Gladiators of ancient Rome

In ancient times, when the Roman Empire ruled over a great deal of Europe, public entertainment was provided in huge venues, the most famous of which was the Colosseum in Rome.
Today, actors dressed as gladiators greet tourists at Rome's colosseum image © [2007] Jupiterimages Corporation
The entertainment took the form of combat, and people called gladiators fought each other, or wild animals like lions, to the death.
Generally, gladiators were condemned criminals, prisoners of war, or slaves. Professional gladiators were free men who volunteered to participate in the games. Gladiators were paid each time they fought. Criminals who had been found guilty of murder and condemned to death went into combat without weapons. Criminals who had committed other crimes were trained in special gladiator schools, called ludi, and they fought with weapons of their choice. They could earn their freedom if they survived 3-5 years of combat. However, although gladiators generally fought about 3 times a year, few survived 3-5 years.
Gladiators in the ludi were trained like professional athletes. They were fed three meals a day and given medical attention if needed. Training included using different weapons such as war chain, net, trident, dagger and lasso. They were taught combat techniques that disabled and captured their opponents rather than killed them. They wore armour in combat, but not the same armour as the Roman army.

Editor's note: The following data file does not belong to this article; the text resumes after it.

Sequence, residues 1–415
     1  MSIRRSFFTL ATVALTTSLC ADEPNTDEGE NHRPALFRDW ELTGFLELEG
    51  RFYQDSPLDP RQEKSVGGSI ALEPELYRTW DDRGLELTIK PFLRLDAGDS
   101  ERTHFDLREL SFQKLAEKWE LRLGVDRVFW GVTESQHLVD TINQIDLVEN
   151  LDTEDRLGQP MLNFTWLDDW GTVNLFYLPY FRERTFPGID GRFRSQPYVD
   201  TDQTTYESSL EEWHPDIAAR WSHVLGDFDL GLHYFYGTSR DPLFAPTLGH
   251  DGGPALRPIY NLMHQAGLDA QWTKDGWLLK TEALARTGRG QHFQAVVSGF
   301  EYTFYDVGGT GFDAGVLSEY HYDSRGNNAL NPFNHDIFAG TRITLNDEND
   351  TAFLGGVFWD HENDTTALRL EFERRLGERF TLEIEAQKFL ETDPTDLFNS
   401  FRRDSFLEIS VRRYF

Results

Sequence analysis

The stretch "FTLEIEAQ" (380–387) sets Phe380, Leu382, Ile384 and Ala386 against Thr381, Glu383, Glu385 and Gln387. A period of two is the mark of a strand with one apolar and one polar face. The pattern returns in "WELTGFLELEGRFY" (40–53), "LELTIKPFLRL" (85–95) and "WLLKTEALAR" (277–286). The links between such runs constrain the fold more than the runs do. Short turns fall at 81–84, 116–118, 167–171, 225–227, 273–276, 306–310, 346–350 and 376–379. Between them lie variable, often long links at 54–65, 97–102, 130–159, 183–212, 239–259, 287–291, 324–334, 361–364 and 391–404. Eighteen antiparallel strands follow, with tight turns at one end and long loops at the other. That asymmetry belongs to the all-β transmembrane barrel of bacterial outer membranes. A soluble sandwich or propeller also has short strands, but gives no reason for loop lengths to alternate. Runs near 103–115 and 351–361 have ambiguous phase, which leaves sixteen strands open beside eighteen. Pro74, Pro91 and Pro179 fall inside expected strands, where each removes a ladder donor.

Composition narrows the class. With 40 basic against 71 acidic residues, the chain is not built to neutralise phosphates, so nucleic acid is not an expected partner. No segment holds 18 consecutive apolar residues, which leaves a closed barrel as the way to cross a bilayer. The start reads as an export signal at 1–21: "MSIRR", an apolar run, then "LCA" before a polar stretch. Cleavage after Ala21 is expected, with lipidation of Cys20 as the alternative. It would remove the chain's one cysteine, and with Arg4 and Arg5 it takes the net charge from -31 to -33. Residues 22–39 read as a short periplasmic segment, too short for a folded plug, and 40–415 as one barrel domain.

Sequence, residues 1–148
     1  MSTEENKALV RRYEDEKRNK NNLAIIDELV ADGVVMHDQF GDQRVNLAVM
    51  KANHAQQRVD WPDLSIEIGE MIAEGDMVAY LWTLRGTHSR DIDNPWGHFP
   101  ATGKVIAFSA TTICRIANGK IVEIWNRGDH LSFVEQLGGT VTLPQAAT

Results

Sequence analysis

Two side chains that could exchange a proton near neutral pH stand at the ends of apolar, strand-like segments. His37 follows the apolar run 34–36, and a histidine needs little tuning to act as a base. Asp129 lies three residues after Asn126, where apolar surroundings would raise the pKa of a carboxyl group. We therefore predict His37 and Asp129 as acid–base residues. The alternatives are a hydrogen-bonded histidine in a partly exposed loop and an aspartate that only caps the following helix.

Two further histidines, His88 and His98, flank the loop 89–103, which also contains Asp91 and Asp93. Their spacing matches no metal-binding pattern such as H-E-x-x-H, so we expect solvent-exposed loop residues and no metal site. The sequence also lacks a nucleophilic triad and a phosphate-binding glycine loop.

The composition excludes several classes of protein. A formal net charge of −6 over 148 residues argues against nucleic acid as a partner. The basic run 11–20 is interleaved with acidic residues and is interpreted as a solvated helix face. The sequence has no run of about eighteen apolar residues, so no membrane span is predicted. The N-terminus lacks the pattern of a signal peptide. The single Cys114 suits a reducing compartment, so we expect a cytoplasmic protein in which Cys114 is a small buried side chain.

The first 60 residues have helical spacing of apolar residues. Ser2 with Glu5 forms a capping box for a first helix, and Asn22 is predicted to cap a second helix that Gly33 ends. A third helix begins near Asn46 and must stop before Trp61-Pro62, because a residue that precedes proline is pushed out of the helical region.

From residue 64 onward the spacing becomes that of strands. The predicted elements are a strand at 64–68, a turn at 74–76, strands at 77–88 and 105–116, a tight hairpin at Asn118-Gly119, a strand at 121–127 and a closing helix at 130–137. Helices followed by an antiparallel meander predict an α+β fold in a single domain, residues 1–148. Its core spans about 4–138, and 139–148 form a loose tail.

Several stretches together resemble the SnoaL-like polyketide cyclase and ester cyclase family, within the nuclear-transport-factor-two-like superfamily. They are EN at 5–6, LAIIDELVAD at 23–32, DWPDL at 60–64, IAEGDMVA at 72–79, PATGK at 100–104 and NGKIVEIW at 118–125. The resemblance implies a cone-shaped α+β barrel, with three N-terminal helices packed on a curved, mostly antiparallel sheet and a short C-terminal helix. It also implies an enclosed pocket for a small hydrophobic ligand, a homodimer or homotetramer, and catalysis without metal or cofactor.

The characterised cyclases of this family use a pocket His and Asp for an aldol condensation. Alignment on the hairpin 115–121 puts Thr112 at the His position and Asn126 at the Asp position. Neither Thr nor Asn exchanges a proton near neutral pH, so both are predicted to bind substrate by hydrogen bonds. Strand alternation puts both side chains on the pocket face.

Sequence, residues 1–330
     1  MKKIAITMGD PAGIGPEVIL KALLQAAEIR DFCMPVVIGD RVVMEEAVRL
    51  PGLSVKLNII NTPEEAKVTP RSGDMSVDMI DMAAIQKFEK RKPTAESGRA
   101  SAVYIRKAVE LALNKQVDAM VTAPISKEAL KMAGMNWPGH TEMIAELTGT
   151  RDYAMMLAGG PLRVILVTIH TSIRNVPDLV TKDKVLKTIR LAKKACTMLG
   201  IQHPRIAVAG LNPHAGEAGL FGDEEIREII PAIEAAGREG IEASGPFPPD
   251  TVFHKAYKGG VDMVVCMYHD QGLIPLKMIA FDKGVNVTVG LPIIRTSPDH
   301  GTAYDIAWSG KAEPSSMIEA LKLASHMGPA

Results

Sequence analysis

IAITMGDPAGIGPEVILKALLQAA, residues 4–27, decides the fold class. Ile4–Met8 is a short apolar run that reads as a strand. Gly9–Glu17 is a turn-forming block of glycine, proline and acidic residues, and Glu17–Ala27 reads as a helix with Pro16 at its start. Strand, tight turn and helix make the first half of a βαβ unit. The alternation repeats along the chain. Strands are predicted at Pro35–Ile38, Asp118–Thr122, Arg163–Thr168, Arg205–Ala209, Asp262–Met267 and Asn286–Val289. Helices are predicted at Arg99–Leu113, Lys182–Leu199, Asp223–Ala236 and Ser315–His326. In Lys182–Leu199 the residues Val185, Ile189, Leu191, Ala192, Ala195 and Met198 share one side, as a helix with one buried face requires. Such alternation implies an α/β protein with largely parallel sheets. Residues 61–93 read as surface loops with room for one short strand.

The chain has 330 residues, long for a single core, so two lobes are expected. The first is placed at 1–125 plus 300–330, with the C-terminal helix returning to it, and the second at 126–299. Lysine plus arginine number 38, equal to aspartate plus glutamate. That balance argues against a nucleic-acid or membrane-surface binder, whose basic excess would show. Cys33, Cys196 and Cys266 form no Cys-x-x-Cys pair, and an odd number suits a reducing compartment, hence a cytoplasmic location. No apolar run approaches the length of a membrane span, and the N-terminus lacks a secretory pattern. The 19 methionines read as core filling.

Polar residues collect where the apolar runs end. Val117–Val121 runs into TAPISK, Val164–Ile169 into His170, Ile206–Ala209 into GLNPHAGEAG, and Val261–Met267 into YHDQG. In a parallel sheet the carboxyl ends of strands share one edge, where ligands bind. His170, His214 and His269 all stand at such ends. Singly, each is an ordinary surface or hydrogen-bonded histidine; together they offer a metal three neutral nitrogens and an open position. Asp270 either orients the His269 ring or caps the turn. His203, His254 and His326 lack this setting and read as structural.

Museum display of armour worn by Roman soldiers
Gladiators wore the armour of Rome's enemies, so that the Roman people wouldn't see what looked like a Roman soldier losing a match.

Some of the enemy uniforms that gladiators wore were:
Samnite, which included a large oblong shield (called scutum), a metal or boiled leather grieve (ocrea) on the left leg, a visored helmet (galea) with a large crest and plume, and a sword (gladius).
Thracian, including ocrea on both legs, a small square shield, either a full visored helmet or an open faced helmet with a wide brim, and a curved sword.
Secutor, naked except for an ocrea on the left leg, leather bands at the elbow and wrists (manicae), a helmet, and carrying only a large oval or rectangular shield and a sword or dagger.
Retiarius, (fisherman) wearing only a loin cloth (subligaculum) and a metal shoulder-piece (galerus) on the left arm, and carrying a net (iaculum), a dagger, and a trident (fascina..a three-pronged spear).
Laquearii, similar to the Retiarius but with a lasso instead of a net.

The winning gladiator asked the crowd whether or not the defeated gladiator was to be allowed to live or was to be killed.image © [2007] Jupiterimages Corporation

When one of the gladiators in a contest was wounded, the crowd went wild. If one of the gladiators felt he was defeated, he would raise his left hand with one finger extended. This was to ask for mercy. It is believed that the crowd voted for death or to spare him by signalling with their thumbs: thumbs up and the gladiator lived, thumbs down and his opponent was to kill him. The defeated gladiator knelt at the feet of the winner and was killed. The winner would receive a prize, such as a golden bowl, crown, or gold coin, along with a palm leaf that symbolised victory.

Successful gladiators, or those who fought in a spectacular way, were regarded as heroes, rather like exceptional athletes are today.

Women gladiators, known as gladiatrix, once competed in the arena. Emperor Septimius Severus, who ruled from 193 to 211 AD, allowed women to fight but later banned the practice in 200 AD.

Read more about gladiators of ancient Rome:
This site has a game where players can build Ancient Rome: enter ancient Rome into the search barat the top of the page

Fun! A web-book 'You wouldn't want to be a Roman gladiator'

If you use any part of this, acknowledge it in your bibliography like this:
Sydenham, Shirley. & Thomas, Ron
Gladiators [Online]: (2009)

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updated  November 2013 © kidcyber